Chocolate, made from the bean of the South American cocoa plant, was firstly and for many generations only had as a thick, bitter beverage. Aztec nobles always took some before going to bed with a woman, and Montezuma supposedly had 50 cups a day for exactly that reason. After all, he had a harem of 600. In Mayan culture a night in a brothel cost a handful of cocoa beans.
I believe it was the Incans who decreed that because of its power to incite lust, women were not permitted to have any. I am not certain I follow their logic.
When the Spanish observed the wild orgies that went on during the cocoa harvests, they quite naturally brought it back to an unsuspecting Europe, which immediately became enamored of chocolate.
Within a few decades, French monks were forbidden to taste chocolate, the Spanish Inquisition prosecuted several women for drinking it (the implications were that they were in league with the Devil, though the Inquisitors, who also drank the stuff, were presumably not), Spanish American women made scandals by drinking it in church, and all sorts of delicious trouble came of the little brown beans. Not too long afterward, Casanova made use of it as well, and swore by its effects.
Today chocolate is as popular as ever, and comes in more shapes and forms than the Aztecs ever dreamed. It remains a symbol of romance, and a strong social (as differentiated from medical) aphrodisiac.
Science has discovered a bevy of good things intrinsic to chocolate: calcium, phosphorus, potassium, riboflavin, thiamine, and vitamin A. It also has a minute amount of caffeine and a substance called phenylethylamine (PEA for short). PEA is an endorphin, a natural amphetamine which is also generated by the brain of someone falling in love, meaning that chocolate emphasizes and may even cause that marvelous sensation. In addition to all this is the fairly recent revelation that cocoa beans house a cannabinoid, THC, one of the “active” ingredients in marijuana. Indeed, chocolate is one of the most chemically complex foods in the world.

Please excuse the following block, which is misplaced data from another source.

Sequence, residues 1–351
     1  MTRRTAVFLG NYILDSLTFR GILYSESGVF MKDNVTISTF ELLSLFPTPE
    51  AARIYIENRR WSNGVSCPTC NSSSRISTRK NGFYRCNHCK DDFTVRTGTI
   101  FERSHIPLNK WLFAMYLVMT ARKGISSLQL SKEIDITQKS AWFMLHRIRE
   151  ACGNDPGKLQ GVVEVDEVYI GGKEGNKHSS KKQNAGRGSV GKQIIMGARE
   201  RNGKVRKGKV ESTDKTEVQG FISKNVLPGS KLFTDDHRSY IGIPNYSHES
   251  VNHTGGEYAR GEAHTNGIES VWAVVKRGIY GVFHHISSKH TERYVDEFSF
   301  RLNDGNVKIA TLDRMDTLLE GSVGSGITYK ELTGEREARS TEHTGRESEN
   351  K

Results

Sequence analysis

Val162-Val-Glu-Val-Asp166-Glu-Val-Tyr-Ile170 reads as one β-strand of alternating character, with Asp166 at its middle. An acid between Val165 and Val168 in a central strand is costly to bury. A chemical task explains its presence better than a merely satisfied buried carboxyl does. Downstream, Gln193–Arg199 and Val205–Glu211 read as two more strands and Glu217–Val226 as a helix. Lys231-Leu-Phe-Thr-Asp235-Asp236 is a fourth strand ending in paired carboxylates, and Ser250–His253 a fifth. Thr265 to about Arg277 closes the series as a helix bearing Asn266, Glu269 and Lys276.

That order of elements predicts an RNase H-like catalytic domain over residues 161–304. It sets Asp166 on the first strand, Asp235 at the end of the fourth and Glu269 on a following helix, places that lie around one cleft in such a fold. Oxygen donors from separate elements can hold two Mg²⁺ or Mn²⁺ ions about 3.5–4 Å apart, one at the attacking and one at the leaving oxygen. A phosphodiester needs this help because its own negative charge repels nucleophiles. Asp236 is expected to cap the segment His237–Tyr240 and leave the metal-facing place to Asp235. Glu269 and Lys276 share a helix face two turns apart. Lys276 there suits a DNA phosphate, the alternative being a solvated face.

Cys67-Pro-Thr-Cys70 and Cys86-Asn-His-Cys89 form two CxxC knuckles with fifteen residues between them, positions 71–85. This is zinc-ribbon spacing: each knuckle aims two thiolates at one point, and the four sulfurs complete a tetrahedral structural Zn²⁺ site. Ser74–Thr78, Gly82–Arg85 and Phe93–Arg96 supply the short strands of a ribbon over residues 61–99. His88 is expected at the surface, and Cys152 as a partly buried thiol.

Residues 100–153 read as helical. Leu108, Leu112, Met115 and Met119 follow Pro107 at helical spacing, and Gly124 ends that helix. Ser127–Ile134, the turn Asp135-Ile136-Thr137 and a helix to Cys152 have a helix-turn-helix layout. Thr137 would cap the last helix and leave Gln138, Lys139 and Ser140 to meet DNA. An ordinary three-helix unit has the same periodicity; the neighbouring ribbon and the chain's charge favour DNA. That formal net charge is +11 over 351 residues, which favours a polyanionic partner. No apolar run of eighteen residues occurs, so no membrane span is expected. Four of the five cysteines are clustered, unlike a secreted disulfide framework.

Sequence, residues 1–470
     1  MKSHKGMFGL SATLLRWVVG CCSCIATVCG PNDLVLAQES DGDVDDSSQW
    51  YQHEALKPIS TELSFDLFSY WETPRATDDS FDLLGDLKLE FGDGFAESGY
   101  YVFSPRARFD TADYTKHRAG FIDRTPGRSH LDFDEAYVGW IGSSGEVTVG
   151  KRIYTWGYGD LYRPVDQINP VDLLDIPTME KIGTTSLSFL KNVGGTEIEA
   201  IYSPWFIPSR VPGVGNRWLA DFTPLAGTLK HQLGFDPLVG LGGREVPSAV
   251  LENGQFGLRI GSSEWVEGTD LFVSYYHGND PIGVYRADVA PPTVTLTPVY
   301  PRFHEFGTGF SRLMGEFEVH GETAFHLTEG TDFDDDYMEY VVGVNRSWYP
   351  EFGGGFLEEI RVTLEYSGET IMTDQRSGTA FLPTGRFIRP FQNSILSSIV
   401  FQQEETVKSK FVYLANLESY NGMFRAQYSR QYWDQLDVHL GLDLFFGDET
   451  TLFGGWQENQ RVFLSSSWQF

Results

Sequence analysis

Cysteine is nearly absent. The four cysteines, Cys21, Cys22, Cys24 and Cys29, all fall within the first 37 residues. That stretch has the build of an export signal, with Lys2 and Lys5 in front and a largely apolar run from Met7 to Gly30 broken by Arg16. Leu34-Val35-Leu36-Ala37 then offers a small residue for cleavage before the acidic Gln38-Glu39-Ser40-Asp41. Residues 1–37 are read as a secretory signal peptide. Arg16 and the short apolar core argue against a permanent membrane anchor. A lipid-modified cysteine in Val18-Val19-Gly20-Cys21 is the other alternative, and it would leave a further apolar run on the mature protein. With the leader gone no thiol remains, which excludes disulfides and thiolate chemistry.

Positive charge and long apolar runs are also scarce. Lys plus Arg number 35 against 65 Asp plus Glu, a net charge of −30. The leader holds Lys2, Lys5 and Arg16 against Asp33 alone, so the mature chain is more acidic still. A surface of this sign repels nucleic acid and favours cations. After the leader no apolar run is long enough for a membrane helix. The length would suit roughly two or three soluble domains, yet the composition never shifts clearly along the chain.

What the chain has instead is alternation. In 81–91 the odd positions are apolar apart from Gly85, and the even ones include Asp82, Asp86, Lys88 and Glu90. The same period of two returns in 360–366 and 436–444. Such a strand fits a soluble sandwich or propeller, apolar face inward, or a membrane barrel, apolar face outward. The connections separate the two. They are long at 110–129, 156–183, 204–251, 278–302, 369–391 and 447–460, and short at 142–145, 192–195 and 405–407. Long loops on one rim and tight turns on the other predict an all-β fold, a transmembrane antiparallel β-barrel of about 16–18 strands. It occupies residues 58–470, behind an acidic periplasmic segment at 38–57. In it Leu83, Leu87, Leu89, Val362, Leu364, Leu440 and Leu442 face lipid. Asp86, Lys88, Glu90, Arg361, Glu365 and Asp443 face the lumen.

Though I adore dense, powerful chocolate creations and make them whenever I have the time, someone will occasionally comment that the confection features “too much chocolate.” I believe the phrase is meaningless.
I can also vouch for its excellent social effects. It can be used for foods either sweet or savory. It mixes with almost any spice and the vast majority of ingredients, whether food or drink. It has a long-built reputation that resides in the back of nearly everyone’s mind. As Casanova and others have observed, its dark, bittersweet, lush flavor and inherent stimulants are a great aid to those of amorous intention. It melts at body temperature. There is very little not to recommend it. I will never forget the woman who asserted, “Anything dipped in chocolate is going in my mouth.”
Thus, I classify it among those items which have indirect aphrodisiac effects; but it is certainly in the top of that class!